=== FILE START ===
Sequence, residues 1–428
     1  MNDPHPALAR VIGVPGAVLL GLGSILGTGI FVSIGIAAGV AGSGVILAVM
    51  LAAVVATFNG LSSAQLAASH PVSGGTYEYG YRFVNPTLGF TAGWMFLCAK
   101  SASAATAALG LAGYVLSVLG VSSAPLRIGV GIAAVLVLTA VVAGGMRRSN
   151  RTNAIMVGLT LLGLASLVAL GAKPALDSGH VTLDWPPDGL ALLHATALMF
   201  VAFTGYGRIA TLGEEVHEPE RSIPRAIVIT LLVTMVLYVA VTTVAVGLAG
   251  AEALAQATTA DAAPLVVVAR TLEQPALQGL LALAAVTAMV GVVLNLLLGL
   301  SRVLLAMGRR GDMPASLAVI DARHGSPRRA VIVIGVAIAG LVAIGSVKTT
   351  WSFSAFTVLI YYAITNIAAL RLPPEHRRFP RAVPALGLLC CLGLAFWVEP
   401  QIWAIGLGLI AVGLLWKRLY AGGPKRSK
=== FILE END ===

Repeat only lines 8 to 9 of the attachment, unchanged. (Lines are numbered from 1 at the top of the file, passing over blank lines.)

   301  SRVLLAMGRR GDMPASLAVI DARHGSPRRA VIVIGVAIAG LVAIGSVKTT
   351  WSFSAFTVLI YYAITNIAAL RLPPEHRRFP RAVPALGLLC CLGLAFWVEP